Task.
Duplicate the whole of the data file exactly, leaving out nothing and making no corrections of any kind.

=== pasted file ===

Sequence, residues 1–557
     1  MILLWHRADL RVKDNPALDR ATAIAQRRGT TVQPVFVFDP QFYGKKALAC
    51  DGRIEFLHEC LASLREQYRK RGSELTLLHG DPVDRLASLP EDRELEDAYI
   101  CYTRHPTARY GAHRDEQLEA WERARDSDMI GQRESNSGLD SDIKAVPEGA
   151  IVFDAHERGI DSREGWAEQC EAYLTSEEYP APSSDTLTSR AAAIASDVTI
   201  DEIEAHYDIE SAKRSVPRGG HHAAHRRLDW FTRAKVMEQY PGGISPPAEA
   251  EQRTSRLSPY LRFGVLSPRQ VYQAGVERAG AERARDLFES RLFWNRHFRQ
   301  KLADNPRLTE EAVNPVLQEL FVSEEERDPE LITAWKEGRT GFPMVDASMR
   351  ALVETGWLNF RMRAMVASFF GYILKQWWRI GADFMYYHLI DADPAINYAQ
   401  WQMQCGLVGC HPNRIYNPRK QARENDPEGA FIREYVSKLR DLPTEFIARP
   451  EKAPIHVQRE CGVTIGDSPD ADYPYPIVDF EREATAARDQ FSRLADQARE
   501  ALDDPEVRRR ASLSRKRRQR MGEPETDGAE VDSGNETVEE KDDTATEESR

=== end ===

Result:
Sequence, residues 1–557
     1  MILLWHRADL RVKDNPALDR ATAIAQRRGT TVQPVFVFDP QFYGKKALAC
    51  DGRIEFLHEC LASLREQYRK RGSELTLLHG DPVDRLASLP EDRELEDAYI
   101  CYTRHPTARY GAHRDEQLEA WERARDSDMI GQRESNSGLD SDIKAVPEGA
   151  IVFDAHERGI DSREGWAEQC EAYLTSEEYP APSSDTLTSR AAAIASDVTI
   201  DEIEAHYDIE SAKRSVPRGG HHAAHRRLDW FTRAKVMEQY PGGISPPAEA
   251  EQRTSRLSPY LRFGVLSPRQ VYQAGVERAG AERARDLFES RLFWNRHFRQ
   301  KLADNPRLTE EAVNPVLQEL FVSEEERDPE LITAWKEGRT GFPMVDASMR
   351  ALVETGWLNF RMRAMVASFF GYILKQWWRI GADFMYYHLI DADPAINYAQ
   401  WQMQCGLVGC HPNRIYNPRK QARENDPEGA FIREYVSKLR DLPTEFIARP
   451  EKAPIHVQRE CGVTIGDSPD ADYPYPIVDF EREATAARDQ FSRLADQARE
   501  ALDDPEVRRR ASLSRKRRQR MGEPETDGAE VDSGNETVEE KDDTATEESR